Eshkaft-e-Ahu, a rock shelter located close to the city of Bastak in southern Iran, was initially studied by Sadeghi [8]. The pictograms of Eshkaft-e-Ahu depict hunting themes that include hunters, zoomorphs, geometric markings and hand-prints [9]. Sadeghi [8] attributed these depictions to the late Epipaleolithic and beginning of the Neolithic with a suggested date of between 8000–6000 BCE, [8]. However, Asadi [9] believes that the pictograms of Eshkaft-e-Ahu may not be older than probably the 1st millennium BC. The pictograms of Cheshmeh Sohrab cave (Mar Awaza), in the Dinwar region located in Kermanshah province in western Iran, were originally discovered by Golzari in 1975 but he did not discuss the pictograms in detail [10]. A more complete report, including a description and interpretation of the depictions, was published subsequently [11]. The pictograms include zoomorphs consisting of ibexes, stags and horses, as well as the portrayal of human forms and horse riding, etc. These depictions are largely painted using white pigment but, in some cases, red pigment was also employed. With regard to the archaeological evidence and iconography, the pictograms at Cheshmeh Sohrab are attributed to the Seleucid (312–64 BCE), Parthian (247 BCE–AD 224) and Sassanid periods (AD 224–651) [11]. In addition, recent research has led to the discovery of new rock paintings in several different regions of Iran. For example, the pictograms of Abdozu, which consist of zoomorphs and geometric marks, are located in Firoozabad in the Fars province and have been dated to prehistory [12]. An archaeological survey, which aimed to identify Palaeolithic sites in the Parishan Lake region close to the city of Kazeroon in Fars province, resulted in the discovery of four caves where Upper Palaeolothic lithic material was also found. The caves are located close to the village of Helak and are referred to by the same name. The fourth rock-shelter, Helak 4, consists of three rock art panels painted using red ochre. One of the panels shows a fish-like image but the other two panels have suffered severe erosion and the motifs are therefore not recognizable [13]. Rock paintings have also been discovered in Tang-e Teyhooee Cave and Tang-e Tadavan Rock shelter in the south of Fars province [14]. Hunting themes and geometric marks made with red pigment represent the most important depictions. The authors Fazel and Alibaigi suggest that an historic timeline may be a more reliable chronology for this rock art [14]. Pictograms have also been reported in North Khorasan province, and three rock art sites consisting of pictograms have been found in north-east Iran at Bash Mahaleh, Zineh Kanloo and Takeh in Nargesloo-ye-Olya [15]. The author Vahdati regards the rock paintings of the Takeh rock-shelter as particularly important and divided them into four groups: zoomorphs, anthropomorphisms, depictions of trees, and indistinguishable motifs. Thirty-seven depictions have been identified in Takeh all utilizing red pigment [15]. However, the pictograms of Kuh-e-Donbeh—the focus of the present paper— represent a new discovery of rock paintings, which are located in central Iran rather than in the western regions. Moreover, these newly discovered depictions are located in five sites quite near to one another.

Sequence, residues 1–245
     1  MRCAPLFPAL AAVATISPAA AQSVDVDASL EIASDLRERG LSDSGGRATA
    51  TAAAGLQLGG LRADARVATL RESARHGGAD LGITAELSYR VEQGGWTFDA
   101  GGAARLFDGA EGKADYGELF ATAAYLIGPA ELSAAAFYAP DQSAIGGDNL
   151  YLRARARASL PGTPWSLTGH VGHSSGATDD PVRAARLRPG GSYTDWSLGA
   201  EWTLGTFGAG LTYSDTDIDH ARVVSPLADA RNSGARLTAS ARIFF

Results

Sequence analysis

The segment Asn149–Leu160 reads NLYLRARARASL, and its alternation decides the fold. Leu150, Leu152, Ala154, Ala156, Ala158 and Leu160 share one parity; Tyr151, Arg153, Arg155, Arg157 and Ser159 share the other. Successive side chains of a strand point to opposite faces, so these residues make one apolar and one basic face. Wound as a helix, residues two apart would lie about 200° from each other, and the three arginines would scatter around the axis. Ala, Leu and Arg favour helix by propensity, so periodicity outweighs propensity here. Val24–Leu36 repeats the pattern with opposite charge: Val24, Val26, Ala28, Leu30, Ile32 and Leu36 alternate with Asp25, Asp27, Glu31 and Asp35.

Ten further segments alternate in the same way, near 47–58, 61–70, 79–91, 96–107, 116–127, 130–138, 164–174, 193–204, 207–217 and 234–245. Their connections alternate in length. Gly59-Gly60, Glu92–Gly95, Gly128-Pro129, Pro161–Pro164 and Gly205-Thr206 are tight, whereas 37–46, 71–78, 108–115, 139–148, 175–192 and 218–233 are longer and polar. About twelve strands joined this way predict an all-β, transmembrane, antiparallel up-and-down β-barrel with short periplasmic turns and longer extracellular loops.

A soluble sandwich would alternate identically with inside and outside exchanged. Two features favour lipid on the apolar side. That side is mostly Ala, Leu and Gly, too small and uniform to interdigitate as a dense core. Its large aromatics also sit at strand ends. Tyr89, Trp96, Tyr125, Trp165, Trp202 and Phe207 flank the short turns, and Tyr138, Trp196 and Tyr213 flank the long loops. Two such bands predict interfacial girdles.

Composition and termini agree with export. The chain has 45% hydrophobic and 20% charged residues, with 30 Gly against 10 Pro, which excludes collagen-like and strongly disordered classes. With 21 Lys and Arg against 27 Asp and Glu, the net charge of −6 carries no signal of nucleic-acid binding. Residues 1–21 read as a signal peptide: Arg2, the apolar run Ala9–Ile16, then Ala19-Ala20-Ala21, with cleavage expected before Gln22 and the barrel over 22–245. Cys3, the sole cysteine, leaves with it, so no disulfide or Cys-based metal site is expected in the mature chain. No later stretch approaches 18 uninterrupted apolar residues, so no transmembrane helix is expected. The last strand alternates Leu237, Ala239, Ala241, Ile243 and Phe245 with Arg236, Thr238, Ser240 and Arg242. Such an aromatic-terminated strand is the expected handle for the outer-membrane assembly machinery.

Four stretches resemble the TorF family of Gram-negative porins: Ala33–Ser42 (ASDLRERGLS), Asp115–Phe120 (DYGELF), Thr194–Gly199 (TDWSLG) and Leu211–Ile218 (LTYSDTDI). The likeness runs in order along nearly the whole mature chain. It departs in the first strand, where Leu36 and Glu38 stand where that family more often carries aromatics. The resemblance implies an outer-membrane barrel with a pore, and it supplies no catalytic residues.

2. Research Objective and Assessment

The current research paper is based on data collected from fieldwork carried out in summer 2013. The objective of the research is to identify, document, and describe the rock paintings of Kuh-e-Donbeh in Esfahan, situated in central Iran. It should be added that a lack of personnel prevented the continuation of fieldwork in adjacent mounts and valleys where more rock art sites may exist. Except for Site I, which is situated in a large hollow of the mountain, the sites are located next to seasonal water courses. Photographs have been enhanced using the Dstretch graphic computer program in order to bring out the details of the depictions.

3. Location of Sites and Geographical Characteristics of the Region